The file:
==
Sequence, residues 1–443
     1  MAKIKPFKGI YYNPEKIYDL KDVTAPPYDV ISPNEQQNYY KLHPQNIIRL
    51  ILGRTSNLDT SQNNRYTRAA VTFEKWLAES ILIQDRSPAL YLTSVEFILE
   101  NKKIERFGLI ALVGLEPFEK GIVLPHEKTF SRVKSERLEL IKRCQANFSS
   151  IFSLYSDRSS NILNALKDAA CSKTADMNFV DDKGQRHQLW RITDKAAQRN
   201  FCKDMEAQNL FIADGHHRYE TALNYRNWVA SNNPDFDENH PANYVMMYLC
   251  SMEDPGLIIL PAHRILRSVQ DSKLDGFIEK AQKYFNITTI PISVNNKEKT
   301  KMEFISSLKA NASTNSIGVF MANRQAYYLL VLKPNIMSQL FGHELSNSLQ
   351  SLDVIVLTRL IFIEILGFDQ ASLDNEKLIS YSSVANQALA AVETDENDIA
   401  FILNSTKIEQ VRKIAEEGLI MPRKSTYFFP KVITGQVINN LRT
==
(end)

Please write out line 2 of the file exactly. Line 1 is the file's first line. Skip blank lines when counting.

     1  MAKIKPFKGI YYNPEKIYDL KDVTAPPYDV ISPNEQQNYY KLHPQNIIRL